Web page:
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New design set to make Nyugati station a major international hub


  • We Love Budapest

21/10/2021 9.42am

A design tender has been issued for the revival of Nyugati station and its surroundings, with the aim of creating a modern terminal of international status, a main hub for international and domestic rail. The plan would also integrate Budapest's other two stations, Keleti and Déli, with this venerable landmark on the Nagykörút.

Nyugati station is currently undergoing a major renovation, some parts of which have already been completed. Now the Budapest Development Centre has now announced an international design tender for the revival of the railway station and its surroundings.

Photo: Gergely Jancsó

Already this year, a new four-star hotel, the Crowne Plaza, opened within the Westend mall, with direct access to the station.

The aim is to create a contemporary central hub to meet the demands of busy rail and passenger traffic in the 21st century while respecting the station’s architectural heritage, given the original iron-and-glass design by the Eiffel company of Tower fame back in the 1870s.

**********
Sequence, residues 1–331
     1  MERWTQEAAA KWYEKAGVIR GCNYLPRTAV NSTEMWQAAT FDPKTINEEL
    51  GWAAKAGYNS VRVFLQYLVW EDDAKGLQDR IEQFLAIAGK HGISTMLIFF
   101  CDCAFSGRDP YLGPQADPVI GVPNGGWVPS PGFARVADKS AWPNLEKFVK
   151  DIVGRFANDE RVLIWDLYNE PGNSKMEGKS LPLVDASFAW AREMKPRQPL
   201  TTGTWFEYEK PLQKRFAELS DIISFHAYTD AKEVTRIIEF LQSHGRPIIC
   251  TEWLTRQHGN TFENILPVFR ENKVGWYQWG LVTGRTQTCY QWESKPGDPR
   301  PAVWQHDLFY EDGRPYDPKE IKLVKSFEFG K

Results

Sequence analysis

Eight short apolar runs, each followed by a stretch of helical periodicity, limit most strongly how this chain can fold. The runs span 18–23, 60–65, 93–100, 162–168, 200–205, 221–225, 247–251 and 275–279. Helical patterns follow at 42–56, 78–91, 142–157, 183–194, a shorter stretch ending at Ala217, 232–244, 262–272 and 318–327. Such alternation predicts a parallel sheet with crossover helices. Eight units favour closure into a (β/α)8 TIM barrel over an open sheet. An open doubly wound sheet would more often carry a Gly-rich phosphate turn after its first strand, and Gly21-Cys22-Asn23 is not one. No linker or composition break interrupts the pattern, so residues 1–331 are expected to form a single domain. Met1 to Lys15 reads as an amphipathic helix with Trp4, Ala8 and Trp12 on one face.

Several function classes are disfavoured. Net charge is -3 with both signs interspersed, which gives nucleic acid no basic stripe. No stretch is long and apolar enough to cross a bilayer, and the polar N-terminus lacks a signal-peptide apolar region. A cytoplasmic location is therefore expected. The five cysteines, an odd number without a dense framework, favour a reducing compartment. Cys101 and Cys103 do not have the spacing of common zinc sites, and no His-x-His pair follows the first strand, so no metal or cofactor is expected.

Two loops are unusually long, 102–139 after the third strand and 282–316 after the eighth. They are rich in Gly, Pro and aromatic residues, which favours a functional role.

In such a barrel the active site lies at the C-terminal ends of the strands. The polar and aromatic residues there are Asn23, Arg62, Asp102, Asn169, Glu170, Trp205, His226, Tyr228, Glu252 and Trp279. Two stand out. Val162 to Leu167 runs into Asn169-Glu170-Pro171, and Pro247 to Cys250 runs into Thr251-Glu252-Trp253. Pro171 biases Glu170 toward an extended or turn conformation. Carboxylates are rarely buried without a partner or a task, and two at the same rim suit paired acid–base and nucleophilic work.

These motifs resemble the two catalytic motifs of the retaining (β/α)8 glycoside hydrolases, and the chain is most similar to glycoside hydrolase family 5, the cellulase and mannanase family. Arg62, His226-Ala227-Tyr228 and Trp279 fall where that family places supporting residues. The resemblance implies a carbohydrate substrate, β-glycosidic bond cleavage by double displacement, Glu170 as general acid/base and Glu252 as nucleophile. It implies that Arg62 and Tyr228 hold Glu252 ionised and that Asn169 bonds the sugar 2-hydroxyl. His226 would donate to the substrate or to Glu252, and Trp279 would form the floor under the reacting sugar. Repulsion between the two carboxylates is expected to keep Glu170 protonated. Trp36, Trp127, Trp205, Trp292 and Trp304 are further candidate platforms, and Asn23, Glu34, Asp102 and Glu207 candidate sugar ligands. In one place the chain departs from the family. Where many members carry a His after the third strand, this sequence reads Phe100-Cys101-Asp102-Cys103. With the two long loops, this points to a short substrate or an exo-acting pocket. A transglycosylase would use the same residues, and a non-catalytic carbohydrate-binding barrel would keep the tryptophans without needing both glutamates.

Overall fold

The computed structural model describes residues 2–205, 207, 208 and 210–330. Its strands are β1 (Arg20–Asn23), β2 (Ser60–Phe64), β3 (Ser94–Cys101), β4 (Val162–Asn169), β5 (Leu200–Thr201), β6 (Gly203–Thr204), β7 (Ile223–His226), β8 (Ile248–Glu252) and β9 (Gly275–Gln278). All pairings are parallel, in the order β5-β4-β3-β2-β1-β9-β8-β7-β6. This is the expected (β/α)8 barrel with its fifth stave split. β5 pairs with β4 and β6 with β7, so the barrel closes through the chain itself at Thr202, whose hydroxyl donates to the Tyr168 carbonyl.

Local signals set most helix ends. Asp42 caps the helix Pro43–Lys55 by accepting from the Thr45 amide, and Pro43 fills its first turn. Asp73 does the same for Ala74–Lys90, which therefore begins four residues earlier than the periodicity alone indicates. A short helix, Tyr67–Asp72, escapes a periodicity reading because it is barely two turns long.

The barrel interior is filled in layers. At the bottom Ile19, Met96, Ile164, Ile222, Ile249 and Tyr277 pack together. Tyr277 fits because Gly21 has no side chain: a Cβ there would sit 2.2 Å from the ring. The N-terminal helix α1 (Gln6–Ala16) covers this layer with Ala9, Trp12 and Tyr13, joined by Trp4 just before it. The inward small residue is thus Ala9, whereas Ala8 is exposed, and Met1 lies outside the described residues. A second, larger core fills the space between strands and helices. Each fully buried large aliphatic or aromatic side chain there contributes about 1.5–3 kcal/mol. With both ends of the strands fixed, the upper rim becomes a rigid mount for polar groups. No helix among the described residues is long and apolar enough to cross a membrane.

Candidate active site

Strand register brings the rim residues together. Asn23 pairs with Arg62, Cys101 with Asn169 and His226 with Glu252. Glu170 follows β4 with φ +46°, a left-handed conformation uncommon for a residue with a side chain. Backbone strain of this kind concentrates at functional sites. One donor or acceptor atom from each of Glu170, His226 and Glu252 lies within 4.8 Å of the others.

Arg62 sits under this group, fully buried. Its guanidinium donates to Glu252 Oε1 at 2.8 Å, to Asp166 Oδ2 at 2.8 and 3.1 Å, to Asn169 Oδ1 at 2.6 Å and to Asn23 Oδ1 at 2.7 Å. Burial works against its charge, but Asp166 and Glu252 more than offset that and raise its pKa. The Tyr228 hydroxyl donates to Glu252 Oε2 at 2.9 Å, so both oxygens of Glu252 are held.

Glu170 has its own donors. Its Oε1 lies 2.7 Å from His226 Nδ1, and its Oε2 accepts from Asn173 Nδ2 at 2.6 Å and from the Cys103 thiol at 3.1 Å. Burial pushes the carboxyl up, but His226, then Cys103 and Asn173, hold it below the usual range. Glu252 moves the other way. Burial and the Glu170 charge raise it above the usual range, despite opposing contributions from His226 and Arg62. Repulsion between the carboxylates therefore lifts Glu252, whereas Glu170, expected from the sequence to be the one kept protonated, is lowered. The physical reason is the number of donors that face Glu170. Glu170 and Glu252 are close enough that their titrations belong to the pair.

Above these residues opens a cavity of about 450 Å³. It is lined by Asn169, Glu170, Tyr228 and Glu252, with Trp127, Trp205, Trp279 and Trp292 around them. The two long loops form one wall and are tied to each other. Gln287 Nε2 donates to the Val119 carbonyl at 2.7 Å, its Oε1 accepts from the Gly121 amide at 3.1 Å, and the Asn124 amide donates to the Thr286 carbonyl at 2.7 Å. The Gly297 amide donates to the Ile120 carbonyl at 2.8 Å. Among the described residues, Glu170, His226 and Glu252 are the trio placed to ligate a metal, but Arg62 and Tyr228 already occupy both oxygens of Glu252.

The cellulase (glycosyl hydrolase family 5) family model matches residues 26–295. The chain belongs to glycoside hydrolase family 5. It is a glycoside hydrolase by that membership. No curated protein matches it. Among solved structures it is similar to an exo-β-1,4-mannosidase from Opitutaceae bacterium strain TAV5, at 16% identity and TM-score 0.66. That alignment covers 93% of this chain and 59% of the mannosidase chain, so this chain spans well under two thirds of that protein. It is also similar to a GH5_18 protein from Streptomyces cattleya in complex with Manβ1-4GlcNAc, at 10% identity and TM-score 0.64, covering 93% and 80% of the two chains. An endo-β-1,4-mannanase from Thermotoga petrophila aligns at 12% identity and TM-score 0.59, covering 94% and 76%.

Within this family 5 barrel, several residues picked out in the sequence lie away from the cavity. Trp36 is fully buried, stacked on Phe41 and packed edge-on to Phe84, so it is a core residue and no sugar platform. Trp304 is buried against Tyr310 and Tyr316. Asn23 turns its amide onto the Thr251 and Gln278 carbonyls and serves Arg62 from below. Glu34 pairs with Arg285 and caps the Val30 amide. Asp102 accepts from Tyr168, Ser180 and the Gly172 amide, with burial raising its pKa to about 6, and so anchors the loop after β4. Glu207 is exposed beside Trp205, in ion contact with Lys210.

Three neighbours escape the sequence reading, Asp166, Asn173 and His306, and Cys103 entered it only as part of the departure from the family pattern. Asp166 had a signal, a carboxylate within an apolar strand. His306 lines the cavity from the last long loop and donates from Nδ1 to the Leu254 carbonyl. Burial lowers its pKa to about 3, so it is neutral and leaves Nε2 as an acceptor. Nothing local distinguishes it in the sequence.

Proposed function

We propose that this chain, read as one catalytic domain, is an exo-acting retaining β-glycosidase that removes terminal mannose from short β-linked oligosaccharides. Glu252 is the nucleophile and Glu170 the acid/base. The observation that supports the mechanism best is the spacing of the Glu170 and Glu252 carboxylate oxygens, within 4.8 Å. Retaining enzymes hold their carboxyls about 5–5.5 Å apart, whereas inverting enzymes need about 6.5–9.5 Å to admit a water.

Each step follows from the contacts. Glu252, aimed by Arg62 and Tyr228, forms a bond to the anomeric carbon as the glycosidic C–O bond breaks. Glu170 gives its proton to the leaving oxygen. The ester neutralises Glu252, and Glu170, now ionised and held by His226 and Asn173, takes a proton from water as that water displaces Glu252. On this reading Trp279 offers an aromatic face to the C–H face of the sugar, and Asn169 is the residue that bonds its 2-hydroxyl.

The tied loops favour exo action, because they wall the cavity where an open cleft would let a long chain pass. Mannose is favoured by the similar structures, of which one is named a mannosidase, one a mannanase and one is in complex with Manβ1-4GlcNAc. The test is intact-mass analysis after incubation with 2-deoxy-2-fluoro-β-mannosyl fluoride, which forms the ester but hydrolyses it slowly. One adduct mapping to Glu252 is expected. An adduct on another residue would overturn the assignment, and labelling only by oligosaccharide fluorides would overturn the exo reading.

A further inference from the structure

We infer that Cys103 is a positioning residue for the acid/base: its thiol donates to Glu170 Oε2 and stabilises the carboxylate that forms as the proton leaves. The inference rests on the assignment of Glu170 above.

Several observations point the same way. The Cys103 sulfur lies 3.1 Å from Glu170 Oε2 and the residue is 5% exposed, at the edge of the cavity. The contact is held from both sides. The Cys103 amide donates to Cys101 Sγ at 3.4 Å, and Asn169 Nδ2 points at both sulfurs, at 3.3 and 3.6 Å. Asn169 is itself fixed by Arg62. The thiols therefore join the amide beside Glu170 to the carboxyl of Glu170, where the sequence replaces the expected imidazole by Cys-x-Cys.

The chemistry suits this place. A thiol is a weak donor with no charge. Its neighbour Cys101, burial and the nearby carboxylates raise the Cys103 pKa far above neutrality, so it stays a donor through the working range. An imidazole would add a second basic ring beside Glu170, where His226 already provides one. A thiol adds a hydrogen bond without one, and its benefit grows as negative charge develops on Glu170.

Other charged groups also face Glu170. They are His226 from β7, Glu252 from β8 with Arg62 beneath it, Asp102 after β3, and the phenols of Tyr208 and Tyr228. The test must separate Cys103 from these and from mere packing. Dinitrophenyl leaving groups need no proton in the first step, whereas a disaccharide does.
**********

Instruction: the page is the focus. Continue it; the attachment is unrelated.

Photo: Juhász Norbert - We Love Budapest

Budapest’s current railway network has reached the limit of its capacity, and the main stations are no longer able to accommodate more trains despite the growing demand. The solution for this is to make these stations, Nyugati, Keleti and Déli, part of an interlinked transit system similar to Brussels, so that services can be forwarded from each.

The construction of a Danube tunnel is being planned for this very purpose, and should be factored in by the international design competition just launched for the renovation of Nyugati and its surroundings.

Stations of the future

We are launching an international design competition because we are looking for a team that is prepared and capable of planning an investment of this scale, able to mobilise a wide range of expertise. They must understand architecture at the same time and take on board the peculiarities of railway operation,” writes Balázs Fürjes of the Budapest Development Centre.

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